top of page

Substance Use Disorder in Older Adults: How to Recognize the Signs

No one wants to think that their grandparents or older patients may have a potential substance use disorder (SUD). But whether you suspect it or not, it’s essential that you learn to recognize the signs of use and abuse of substances in older adults so you can help support your loved ones.

Addiction and drug use problems may seem like a teen or young adult only problem. However, more than 1 million adults aged 65 or older were living with an SUD in 2014, making substance use a developing public health issue among this demographic. To learn how to recognize the signs, let’s first define who’s considered “older adults.”

Defining Substance Use Disorder in Older Adults

It’s common to see “older adults” used interchangeably with “elderly” and “seniors,” but the exact age range for what’s considered older is constantly changing. According to most research, this group is 65 years old or older.

Older adults may have problems with substance use that go unnoticed due to their family’s and caregiver’s little awareness of SUD, using at home versus in public, or not going to work or other obligations that are affected by substance abuse.

To be there for your loved ones in case of challenges like alcohol or drug use problems, look out for mental, physical, and behavioral signs of abuse.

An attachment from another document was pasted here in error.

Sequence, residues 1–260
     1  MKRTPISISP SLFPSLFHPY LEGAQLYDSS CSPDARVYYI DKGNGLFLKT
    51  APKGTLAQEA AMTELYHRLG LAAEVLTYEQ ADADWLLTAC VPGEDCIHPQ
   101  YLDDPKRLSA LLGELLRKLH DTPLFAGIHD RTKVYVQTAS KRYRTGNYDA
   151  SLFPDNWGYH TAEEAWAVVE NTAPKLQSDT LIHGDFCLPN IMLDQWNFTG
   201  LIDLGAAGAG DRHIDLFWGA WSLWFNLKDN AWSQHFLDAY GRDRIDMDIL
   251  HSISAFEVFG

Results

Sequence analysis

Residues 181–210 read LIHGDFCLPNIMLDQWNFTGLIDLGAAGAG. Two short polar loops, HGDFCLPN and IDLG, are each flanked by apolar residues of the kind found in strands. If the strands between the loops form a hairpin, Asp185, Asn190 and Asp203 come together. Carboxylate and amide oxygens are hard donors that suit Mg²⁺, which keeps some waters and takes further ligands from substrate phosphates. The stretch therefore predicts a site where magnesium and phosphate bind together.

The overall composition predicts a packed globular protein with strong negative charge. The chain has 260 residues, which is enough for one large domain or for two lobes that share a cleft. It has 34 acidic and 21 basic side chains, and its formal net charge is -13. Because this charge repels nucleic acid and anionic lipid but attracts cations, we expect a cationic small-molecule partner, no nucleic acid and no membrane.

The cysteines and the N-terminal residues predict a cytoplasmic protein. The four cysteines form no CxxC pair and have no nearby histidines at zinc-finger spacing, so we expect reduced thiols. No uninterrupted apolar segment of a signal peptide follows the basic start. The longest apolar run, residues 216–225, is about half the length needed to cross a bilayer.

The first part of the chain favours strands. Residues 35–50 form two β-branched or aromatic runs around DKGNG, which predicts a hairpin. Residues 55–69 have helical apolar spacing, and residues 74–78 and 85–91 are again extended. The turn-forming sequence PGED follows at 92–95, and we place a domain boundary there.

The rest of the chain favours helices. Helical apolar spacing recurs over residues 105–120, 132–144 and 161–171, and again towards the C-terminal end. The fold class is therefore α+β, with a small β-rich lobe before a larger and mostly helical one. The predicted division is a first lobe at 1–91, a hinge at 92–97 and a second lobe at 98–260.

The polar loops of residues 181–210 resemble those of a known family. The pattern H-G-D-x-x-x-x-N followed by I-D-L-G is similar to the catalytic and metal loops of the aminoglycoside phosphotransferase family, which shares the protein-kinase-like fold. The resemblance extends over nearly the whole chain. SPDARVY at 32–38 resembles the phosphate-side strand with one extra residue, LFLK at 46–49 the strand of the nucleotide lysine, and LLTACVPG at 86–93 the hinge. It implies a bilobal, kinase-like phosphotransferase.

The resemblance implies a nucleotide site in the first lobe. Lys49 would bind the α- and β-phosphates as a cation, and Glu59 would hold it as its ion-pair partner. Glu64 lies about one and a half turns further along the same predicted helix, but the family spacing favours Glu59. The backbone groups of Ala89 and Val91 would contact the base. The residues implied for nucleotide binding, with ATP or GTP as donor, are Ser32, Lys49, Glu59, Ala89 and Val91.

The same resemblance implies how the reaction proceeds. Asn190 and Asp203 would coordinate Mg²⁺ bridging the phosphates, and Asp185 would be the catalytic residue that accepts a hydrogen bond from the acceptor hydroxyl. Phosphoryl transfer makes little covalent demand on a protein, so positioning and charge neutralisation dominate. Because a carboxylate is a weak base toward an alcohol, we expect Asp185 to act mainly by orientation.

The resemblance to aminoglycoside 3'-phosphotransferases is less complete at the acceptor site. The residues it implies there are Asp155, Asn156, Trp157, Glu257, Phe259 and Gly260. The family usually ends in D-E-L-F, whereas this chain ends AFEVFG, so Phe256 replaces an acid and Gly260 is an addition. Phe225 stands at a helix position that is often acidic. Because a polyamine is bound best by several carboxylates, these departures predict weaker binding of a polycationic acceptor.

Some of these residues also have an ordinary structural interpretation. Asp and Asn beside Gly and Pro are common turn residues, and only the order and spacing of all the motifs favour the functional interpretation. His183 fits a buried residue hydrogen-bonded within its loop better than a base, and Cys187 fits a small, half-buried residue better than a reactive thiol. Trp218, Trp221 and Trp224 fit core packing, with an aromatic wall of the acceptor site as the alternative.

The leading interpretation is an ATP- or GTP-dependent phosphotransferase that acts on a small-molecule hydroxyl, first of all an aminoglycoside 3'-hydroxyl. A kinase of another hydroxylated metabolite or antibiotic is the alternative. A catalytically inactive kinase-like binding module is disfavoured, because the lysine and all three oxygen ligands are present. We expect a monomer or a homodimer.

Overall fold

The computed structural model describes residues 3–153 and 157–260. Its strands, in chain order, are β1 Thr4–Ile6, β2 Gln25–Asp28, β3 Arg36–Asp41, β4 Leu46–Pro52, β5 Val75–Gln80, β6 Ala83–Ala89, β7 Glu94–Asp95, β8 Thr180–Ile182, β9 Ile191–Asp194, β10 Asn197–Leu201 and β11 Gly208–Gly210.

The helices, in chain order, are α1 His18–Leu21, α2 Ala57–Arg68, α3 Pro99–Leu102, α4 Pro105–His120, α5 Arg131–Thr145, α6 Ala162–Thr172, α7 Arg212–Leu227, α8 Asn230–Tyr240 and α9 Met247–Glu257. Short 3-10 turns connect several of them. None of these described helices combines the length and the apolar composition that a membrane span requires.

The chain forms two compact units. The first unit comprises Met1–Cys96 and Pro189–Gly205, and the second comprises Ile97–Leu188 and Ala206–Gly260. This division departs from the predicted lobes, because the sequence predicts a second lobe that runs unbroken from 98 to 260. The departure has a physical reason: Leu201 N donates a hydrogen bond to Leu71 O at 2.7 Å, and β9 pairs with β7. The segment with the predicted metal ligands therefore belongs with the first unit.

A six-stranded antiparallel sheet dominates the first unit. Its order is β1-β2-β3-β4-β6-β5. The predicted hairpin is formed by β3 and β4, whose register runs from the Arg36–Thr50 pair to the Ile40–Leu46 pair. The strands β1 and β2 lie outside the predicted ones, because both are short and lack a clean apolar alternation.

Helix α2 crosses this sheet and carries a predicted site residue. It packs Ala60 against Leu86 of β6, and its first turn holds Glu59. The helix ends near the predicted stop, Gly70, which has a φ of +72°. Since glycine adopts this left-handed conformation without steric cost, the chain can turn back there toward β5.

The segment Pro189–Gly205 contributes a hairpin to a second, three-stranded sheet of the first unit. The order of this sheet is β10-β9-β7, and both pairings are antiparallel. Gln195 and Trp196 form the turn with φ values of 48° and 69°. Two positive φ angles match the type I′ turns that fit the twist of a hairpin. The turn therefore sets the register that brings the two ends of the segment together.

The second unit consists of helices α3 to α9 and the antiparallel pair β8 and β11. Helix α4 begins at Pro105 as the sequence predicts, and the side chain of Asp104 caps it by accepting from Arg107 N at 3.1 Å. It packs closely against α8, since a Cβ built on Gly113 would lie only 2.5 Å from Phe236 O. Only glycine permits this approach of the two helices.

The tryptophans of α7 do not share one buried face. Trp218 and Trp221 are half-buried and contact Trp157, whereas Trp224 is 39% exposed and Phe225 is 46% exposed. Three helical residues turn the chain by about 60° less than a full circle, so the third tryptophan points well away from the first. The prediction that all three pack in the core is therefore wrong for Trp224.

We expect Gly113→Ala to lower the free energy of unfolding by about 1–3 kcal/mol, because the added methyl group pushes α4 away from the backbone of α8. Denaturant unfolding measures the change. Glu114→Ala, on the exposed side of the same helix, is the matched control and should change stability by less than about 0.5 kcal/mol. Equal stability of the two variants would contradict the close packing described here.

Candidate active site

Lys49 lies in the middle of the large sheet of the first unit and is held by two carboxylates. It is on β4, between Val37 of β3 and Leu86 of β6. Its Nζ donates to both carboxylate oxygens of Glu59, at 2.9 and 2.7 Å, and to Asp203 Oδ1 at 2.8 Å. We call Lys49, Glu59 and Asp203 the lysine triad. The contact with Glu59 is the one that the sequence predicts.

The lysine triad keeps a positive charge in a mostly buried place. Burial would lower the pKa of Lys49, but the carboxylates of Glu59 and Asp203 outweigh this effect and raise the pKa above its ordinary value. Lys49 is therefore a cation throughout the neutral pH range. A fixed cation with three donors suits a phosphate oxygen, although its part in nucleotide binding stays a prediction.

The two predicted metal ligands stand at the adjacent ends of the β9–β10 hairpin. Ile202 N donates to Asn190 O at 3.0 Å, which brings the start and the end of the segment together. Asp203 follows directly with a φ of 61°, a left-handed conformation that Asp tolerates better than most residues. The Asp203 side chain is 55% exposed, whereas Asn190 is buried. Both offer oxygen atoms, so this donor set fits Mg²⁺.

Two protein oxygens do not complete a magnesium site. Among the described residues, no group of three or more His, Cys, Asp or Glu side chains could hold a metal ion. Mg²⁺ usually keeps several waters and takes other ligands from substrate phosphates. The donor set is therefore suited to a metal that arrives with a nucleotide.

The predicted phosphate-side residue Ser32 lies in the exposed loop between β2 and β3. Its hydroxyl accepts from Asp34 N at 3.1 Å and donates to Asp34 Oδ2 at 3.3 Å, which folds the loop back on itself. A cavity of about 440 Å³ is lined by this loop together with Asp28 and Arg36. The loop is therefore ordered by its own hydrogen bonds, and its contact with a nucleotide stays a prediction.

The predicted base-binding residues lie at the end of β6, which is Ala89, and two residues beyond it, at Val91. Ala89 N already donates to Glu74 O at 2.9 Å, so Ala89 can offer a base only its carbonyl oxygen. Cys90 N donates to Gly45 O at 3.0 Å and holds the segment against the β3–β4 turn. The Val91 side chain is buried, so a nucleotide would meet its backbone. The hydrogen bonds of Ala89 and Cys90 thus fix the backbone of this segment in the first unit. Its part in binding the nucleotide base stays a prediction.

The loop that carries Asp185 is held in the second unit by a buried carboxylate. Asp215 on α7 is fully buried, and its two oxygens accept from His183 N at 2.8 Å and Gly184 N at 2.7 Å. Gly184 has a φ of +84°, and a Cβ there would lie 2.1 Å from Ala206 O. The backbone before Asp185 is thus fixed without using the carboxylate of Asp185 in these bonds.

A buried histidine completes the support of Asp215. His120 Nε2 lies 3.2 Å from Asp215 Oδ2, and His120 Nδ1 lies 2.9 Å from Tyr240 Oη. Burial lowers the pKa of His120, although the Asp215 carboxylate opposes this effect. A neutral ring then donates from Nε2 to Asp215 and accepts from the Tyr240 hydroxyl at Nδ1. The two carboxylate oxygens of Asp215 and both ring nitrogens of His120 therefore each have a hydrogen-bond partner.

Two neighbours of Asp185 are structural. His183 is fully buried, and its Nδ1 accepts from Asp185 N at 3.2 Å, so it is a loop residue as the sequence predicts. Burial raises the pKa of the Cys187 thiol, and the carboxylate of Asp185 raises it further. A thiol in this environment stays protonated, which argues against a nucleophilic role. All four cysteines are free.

Mental warning signs of SUD include:

  • Sudden mood swings

  • Unexplained change in personality or attitude

  • Appearing anxious or fearful for no reason

  • Lack of motivation

  • Periods of unusual increased energy, nervousness or instability

Behavioral warning signs of SUD include:

  • Increased difficulties in relationships

  • Unexplained need for money or financial problems

  • Life revolves around drug use

  • Continuing to use despite negative consequences

  • Increased drug tolerance

  • Frequently getting into legal trouble

  • Abandoning usual enjoyable hobbies for drug use

Physical warning signs of SUD include:

  • Tremors, slurred speech, or impaired coordination

  • Unusual orders on breath, body, or clothing

  • Sudden weight loss of weight gain

  • Changes in appetite, appearance, or sleep patterns

If you suspect an older adult is abusing substances, show up for them with compassion, most importantly, and consult with a trusted healthcare professional about how to get help.

Resources: SAMSHA, American Addiction Centers

0 views0 comments
bottom of page